The Durban Chamber of Commerce hosted a presentation by the developer responsible for the long awaited Cato Ridge intermodal hub. The Cato Ridge development includes a truck and rail staging area; office, industrial and warehouse space; a tank farm and a host of community services including an FET college.
The rationale for the Cato Ridge development is that it will alleviate pressure at the port of Durban and provide a more efficient route for cargo owners. Members of the audience (which was largely made up of freight forwarders and hauliers) questioned whether either of these rationale are valid. The audience felt that facilities 50km away from the port would not alleviate port pressures because the main cause of the pressure is inefficiency at the Durban container terminal once the truck arrives at its designated time. The audience further felt that this route would not be more efficient or more cost effective for cargo owners via truck or rail. Finally, the environmental approvals have not yet been achieved – a major stopping point in the past.
Unfortunately, the developer does not know himself if the rationale is valid because he has not yet tested it with the market. It seems the developer is relying heavily on Transnet who have already signed off the rail staging area and possibly the tank farm. It is typical of Transnet to only test plans with the market once they have been decided but one wonders how the developer has gotten to this point without understanding his potential customers.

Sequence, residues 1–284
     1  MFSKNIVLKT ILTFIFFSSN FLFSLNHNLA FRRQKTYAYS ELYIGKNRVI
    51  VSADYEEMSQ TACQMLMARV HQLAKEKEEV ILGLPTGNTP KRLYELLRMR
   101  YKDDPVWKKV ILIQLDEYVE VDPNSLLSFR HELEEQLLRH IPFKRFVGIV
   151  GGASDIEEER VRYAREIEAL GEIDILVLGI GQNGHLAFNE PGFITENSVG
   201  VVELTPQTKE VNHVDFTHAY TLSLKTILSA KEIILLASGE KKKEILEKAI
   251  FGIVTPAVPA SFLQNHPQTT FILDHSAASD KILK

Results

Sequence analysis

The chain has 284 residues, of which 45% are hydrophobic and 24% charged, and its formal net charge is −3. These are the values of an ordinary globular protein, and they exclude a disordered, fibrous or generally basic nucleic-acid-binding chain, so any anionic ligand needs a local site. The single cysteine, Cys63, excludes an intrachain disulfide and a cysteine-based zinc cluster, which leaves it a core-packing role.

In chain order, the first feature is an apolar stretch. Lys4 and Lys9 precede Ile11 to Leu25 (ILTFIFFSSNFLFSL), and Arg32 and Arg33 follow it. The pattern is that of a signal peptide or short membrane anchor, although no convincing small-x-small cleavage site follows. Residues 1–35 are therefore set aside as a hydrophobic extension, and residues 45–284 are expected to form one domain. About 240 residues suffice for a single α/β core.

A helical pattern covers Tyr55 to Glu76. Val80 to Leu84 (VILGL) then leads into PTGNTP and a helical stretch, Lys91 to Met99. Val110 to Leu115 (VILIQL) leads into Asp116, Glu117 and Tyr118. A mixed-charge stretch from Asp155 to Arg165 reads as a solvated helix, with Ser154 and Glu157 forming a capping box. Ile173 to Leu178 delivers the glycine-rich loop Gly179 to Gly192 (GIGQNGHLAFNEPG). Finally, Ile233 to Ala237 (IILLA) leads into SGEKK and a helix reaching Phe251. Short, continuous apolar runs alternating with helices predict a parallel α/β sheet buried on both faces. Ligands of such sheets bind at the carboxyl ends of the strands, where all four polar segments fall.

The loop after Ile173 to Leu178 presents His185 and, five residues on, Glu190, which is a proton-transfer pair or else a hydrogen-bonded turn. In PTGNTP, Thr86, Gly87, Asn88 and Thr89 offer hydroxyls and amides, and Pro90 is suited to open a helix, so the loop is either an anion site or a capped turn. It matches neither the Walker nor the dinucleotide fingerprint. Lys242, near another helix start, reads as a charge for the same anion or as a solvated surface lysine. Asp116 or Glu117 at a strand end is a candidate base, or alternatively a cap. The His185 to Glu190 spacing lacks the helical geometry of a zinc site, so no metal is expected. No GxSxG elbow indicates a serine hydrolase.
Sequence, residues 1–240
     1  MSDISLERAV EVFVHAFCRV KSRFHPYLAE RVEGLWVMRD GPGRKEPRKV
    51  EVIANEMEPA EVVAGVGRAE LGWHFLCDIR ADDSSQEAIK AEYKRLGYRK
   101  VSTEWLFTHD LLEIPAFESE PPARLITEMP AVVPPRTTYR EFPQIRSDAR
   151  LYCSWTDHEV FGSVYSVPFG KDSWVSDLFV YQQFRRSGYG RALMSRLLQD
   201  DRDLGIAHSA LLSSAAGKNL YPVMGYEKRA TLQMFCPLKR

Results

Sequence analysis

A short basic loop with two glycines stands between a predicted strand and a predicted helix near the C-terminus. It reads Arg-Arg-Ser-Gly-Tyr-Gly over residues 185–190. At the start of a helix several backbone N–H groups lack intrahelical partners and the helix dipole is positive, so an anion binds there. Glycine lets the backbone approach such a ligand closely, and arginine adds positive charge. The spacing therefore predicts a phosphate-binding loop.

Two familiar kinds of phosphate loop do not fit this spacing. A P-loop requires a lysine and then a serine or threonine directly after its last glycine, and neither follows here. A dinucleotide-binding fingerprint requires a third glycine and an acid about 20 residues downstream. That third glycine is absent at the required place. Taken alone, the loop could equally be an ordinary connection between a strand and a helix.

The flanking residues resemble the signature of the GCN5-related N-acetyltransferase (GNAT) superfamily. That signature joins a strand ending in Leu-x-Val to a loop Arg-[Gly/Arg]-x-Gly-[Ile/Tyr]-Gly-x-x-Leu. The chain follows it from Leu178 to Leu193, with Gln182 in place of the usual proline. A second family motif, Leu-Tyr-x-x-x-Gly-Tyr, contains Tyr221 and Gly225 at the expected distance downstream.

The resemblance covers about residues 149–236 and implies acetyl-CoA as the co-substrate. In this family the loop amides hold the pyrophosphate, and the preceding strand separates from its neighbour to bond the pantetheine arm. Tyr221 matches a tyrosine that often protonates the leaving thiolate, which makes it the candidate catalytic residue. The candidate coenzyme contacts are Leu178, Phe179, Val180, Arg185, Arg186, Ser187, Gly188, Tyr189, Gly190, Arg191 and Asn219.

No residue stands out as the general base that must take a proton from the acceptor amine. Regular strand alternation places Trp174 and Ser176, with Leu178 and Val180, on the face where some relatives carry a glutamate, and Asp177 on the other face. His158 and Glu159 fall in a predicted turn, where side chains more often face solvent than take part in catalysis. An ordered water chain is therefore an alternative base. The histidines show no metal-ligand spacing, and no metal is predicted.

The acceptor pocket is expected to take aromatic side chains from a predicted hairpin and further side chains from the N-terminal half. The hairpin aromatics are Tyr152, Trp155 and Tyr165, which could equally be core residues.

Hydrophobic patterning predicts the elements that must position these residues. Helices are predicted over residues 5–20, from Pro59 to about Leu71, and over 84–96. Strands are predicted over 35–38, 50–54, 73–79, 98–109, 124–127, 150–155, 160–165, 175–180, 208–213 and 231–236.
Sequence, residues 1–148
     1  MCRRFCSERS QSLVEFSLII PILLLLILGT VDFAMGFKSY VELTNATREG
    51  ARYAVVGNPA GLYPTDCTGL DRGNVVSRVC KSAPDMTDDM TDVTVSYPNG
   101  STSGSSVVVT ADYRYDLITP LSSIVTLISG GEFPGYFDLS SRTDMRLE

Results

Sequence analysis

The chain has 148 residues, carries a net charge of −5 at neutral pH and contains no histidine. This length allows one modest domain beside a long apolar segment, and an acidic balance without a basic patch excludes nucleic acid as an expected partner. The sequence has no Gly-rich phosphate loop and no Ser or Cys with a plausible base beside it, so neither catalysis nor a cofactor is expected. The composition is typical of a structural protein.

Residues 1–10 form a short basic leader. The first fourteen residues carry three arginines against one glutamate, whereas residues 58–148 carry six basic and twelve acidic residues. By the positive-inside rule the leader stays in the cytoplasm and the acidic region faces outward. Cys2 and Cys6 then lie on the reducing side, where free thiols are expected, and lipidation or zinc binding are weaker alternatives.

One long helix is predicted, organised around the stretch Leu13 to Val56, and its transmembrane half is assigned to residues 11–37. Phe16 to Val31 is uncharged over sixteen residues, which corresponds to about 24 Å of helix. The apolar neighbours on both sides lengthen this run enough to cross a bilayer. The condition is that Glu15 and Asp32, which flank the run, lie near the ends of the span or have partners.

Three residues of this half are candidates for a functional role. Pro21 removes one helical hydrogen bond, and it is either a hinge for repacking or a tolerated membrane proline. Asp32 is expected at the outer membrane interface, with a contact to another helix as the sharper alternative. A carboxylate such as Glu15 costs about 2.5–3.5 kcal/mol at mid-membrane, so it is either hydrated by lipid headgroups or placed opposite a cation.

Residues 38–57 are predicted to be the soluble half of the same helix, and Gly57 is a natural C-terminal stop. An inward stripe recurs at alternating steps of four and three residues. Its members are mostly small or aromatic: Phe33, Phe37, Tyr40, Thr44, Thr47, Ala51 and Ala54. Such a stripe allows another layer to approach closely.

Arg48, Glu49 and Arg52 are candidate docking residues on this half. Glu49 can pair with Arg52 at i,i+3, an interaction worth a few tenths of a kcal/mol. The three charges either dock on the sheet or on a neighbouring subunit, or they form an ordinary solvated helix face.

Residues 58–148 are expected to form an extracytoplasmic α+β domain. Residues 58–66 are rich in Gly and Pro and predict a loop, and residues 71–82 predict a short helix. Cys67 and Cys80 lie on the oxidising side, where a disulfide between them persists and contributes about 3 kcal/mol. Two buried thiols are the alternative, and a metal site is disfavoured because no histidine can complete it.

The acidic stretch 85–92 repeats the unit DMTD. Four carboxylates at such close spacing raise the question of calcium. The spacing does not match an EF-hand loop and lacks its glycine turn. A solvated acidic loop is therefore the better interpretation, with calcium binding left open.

The meeting wasn’t all objections and confusion as the audience perked up towards the end and started to offer some suggestions on how this hub could be successful. One suggestion that gained support among the audience was that the hub is treated as an extension of the port boundaries and included within the port fees already charged.
The developer has some high hoops to jump through to win over both industry and the environmentalists, and that journey has only just begun, but he was not daunted by the strong views of the audience and is very determined to make this project work. Despite this, my feeling is we will be waiting a good few more years before we see a spade in the ground at Cato Ridge.